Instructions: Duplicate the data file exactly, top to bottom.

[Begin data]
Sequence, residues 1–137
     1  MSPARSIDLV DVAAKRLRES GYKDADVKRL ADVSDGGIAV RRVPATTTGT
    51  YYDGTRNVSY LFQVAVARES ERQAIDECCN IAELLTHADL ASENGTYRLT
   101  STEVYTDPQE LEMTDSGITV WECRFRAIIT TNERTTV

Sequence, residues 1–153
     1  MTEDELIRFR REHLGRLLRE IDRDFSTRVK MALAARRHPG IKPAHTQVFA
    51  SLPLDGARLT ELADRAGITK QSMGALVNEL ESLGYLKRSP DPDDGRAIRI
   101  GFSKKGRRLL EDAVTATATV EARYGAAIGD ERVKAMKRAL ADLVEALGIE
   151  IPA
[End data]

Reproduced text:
Sequence, residues 1–137
     1  MSPARSIDLV DVAAKRLRES GYKDADVKRL ADVSDGGIAV RRVPATTTGT
    51  YYDGTRNVSY LFQVAVARES ERQAIDECCN IAELLTHADL ASENGTYRLT
   101  STEVYTDPQE LEMTDSGITV WECRFRAIIT TNERTTV

Sequence, residues 1–153
     1  MTEDELIRFR REHLGRLLRE IDRDFSTRVK MALAARRHPG IKPAHTQVFA
    51  SLPLDGARLT ELADRAGITK QSMGALVNEL ESLGYLKRSP DPDDGRAIRI
   101  GFSKKGRRLL EDAVTATATV EARYGAAIGD ERVKAMKRAL ADLVEALGIE
   151  IPA